Diabetes mellitus was defined as a fasting plasma glucose level >7.0 mmol/L, a 2‐hour plasma glucose value in a 75 g oral glucose tolerance test >11.1 mmol/L, or a glycated hemoglobin (A1C) value >6.5%.21
The smoking history status was self‐reported on the basis of a questionnaire submitted at the time of hospitalization. There were categories: non‐smoker, ex‐smoker (smoking cessation since at least 3 years) and current smoker. Only current smoker was recorded.22
ICA and FFR Test
All the 60 patients were investigated by ICA but 17 patients (group 1) were not selected for FFR testing because their arteries were without identifiable atheroma plaque (n=13) or with minimal disease (stenosis <20%; n=4). No completely occluded or sub‐totally or heavily calcified arteries were found in the remaining 43 patients. FFR testing was performed successfully in all patients with visually perceived diameter stenosis >20%, involving 77 subtended territories.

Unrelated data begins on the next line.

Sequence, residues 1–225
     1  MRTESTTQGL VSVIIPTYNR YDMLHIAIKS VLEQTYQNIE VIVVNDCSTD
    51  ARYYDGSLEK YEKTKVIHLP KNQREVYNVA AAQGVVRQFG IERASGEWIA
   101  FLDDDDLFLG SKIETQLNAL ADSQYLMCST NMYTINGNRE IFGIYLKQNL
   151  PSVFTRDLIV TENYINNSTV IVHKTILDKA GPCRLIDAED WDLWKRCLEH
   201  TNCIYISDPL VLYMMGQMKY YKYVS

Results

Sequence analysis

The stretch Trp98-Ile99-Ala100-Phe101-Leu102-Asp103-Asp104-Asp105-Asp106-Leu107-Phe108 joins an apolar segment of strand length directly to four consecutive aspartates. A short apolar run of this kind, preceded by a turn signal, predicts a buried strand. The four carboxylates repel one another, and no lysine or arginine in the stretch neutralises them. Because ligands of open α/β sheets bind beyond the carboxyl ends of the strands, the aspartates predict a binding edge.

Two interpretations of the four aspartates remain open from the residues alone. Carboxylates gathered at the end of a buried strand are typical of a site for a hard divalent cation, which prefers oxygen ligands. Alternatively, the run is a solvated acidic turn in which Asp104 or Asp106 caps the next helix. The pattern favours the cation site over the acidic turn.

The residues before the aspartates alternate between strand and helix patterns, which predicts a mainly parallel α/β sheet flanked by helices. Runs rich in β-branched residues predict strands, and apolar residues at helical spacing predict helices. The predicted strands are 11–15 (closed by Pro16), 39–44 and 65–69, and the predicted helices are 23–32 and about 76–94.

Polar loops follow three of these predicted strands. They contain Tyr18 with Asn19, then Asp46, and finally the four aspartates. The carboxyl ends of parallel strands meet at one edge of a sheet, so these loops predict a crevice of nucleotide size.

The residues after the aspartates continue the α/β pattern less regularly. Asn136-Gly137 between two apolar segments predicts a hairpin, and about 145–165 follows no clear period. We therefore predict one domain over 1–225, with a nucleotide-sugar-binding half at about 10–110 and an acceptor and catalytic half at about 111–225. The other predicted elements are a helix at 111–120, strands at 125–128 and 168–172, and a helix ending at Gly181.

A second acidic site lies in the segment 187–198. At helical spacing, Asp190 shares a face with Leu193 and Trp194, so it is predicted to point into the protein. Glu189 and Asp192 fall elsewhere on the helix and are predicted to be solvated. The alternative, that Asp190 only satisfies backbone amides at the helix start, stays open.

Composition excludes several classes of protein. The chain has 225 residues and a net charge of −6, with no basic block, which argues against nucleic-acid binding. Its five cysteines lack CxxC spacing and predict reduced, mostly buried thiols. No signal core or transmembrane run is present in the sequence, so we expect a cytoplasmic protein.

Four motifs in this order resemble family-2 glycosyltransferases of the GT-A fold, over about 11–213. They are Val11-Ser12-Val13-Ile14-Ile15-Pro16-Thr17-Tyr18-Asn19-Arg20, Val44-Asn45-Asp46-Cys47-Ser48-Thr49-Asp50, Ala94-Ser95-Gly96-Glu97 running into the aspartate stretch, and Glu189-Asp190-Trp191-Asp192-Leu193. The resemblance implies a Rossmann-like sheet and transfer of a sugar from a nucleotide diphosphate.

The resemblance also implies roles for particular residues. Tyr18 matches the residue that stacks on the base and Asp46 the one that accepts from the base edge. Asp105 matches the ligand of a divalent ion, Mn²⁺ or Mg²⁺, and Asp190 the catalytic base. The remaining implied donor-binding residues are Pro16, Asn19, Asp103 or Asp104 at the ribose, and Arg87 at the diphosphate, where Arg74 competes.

The 43 patients all underwent FFR interrogation in every vessel territory, so one FFR was performed in all 69 coronary arteries with readings ranging from 0.67 to 0.99 (mean±SD; 0.84±0.15). Twenty‐one patients (group 2) were considered to present non‐hemodynamically significant coronary artery stenosis despite 5 patients having visually perceived diameter stenosis >70%. At least one hemodynamically significant coronary lesion (FFR <0.80) was found in the remaining 22 patients (group 3). Using this approach, FFR interrogations of 36 arteries in group 3 were classified as significant in: 12/12 vessels in patients with single‐vessel disease, 8/12 vessels in patients with double‐vessel disease, and 8/12 vessels in patients with triple‐vessel disease. All culprit lesions had FFR regarded as significant in the territory suspected of ischemia. Table shows the results of the patients in each group. There were no significant differences regarding angiographic findings between CAD patients in group 2 and group 3 (P=0.24).